VENICE — Millions of stitches later, members of the Venice Area Quilters Guild have completed another collection of quilted items for their show, “Quilting by the Gulf, a Festival of Quilts” on March 6 and 7 at the Venice Community Center.
Quilts may have begun as a way for early settlers in America to use leftover bits of fabric to fashion quilts to keep warm in the cold winters in the New World.
These days, quilters fashion items of clothing as well as such crafty items as quilted caladiums — that is not a typo — go to the show.
Consider that one of the longest-lived businesses on West Venice Avenue is a quilt shop — Deborah’s Quilt Basket, 537 W. Venice Ave., which opened in March 1984.
“We’ve been here 36 years,” owner Deborah Iverson said. “I will have a booth at the show and there also will be a quilt appraiser at the show.”
Leftover fabrics are still used these days, yet part of the fun is to go to such a shop as Deborah’s and select just the right colored fabrics for a given project.
A leftover piece of fabric from long ago might even be the inspiration for the new project which will be pieced together by thousands of stitches.
To create all the work that will be shown at this biennial show takes hundreds of thousands of stitches by area quilters.
The total output includes items made for display, mini quilts that are donated to benefit the local food pantry and boutique items, said Jean Campbell.
Campbell and Val Wurster have been shepherding this show for close to two years. Both are Venice residents.
“We think this is a new and improved version of a popular show that is making its 18th biennial appearance,” Campbell said. “We changed out some of the traditional ways things have been done and decided to add new ideas and approaches.”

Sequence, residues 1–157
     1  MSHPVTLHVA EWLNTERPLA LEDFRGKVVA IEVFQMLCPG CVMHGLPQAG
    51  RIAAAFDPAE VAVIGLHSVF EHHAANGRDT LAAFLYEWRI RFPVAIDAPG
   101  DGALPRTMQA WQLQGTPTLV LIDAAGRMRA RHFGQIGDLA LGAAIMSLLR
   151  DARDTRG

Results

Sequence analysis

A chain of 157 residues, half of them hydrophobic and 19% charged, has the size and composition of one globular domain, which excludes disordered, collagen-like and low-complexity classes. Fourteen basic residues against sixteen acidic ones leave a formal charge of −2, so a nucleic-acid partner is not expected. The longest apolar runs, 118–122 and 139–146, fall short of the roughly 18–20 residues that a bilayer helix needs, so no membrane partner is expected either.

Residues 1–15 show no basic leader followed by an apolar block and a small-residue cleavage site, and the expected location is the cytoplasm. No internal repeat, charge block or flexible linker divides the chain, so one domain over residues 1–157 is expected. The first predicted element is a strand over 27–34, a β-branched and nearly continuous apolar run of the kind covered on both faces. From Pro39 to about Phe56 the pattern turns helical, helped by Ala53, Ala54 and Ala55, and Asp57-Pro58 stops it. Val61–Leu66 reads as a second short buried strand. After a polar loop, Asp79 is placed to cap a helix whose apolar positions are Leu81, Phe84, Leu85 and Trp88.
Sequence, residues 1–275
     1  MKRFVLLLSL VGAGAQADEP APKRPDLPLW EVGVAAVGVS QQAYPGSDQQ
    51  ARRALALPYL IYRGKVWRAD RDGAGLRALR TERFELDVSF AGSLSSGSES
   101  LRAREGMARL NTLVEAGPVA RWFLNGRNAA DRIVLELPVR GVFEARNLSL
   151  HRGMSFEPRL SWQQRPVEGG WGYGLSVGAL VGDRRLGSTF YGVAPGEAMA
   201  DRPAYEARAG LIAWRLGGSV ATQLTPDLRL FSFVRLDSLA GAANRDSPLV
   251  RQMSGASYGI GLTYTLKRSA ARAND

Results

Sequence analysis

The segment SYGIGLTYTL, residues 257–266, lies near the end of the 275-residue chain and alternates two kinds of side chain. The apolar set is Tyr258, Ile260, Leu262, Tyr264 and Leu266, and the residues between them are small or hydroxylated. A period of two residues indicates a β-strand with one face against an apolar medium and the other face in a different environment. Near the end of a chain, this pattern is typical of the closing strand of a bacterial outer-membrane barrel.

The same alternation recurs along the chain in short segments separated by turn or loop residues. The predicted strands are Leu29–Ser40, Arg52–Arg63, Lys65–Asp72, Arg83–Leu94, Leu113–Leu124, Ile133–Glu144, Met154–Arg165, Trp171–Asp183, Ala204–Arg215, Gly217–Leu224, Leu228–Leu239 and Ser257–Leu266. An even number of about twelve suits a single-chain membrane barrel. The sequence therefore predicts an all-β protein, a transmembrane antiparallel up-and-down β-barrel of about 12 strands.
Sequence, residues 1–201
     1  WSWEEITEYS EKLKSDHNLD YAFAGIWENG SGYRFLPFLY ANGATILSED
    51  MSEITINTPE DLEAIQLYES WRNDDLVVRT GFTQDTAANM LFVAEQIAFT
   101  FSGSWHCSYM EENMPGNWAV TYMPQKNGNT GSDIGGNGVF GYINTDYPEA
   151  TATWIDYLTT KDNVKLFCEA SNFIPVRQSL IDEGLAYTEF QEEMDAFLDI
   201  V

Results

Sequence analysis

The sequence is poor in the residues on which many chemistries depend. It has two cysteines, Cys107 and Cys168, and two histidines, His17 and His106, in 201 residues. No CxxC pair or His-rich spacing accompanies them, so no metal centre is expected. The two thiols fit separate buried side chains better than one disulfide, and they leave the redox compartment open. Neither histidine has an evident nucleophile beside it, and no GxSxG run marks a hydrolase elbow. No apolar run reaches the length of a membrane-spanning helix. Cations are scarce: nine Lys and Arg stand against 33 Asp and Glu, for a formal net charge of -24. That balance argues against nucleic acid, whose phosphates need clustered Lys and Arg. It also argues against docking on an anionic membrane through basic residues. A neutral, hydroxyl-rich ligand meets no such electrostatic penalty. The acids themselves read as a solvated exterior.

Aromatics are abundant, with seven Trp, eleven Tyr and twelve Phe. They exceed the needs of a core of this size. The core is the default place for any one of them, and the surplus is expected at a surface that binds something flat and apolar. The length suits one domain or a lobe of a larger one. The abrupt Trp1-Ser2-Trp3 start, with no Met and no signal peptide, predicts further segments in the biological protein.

“Some of the traditional audience favorites are returning, of course,” Wurster said. ”But new categories and awards are being added.”
“There will be nearly 200 quilts on display,” according to Beth Cristoffel. “A nationally certified quilting judge, Molly Waddell, will be in town the week preceding the show’s opening to judge quilts in six categories for workmanship, design and appearance.”
“Results and awards are a tightly held secret until the opening of the show,” Wurster said. “Quilt show visitors are encouraged to learn by looking closely at the colors, presentation and sewing involved, as well as to read the comments of the judge.
“One of the most fun aspects of VAQG’s show is the Viewer’s Choice Ribbons,” Campbell said. “Visitors are encouraged to walk, view and read the judge’s comments, before voting for their favorites.
“Not always are the judge’s ribbons and the viewer’s ribbons the same.”
“Centennial Garden,” a large one-of-a-kind quilt, will be awarded to a raffle winner at 3 p.m. on Saturday. Made by guild members, that quilt has been on tour for a about a year at community events. Proceeds from those ticket sales help support the guild’s community service projects
Guild members have donated a record number of mini quilts that will be offered in a silent auction over the two-day period. Proceeds from the sale of these quilts will benefit the South County Food Pantry. “Each day, 50 different minis (less than 80 inches in perimeter) will be auctioned.
Sharon Bottini, of Venice, has been collecting the minis for display and auction.
A large handcrafted gift boutique, with items made and contributed for sale, will have it’s own room in the community center.
“We encouraged everyone to have their donations done earlier this month, but at an informal gathering this week, ladies were still working on items to be offered,” said Jane Jeffrey, who together with Crystal Allan is in charge of the gift sale area. Both are Venice residents.
Among the items offered in the boutique room will be baby quilts, bags and purses, rope baskets, lap quilts, walker bags and decorative items such as quilted caladiums.
There will be many vendors at the show with fabrics and other items used by quilters, other stitchers and some crafters.
Quilt Show 2020 will be open from 9 a.m-5 p.m. March 6, and 9 a.m.-4 p.m. March 7, at the Venice Community Center, 326 S. Nokomis Ave. Venice. Admission for women is $8 for one day, $14 for two, and free for men for whom chairs are set aside for their use.
Cafe Venice is providing a Pop Up Cafe for lunch and snacks
The community center is the central building on the block which has become known as the city’s Cultural Campus which also contains the Venice Art Center, the William J. Jervey Jr. Venice Public Library and, behind the community center, the Triangle Inn, home of the Venice Museum.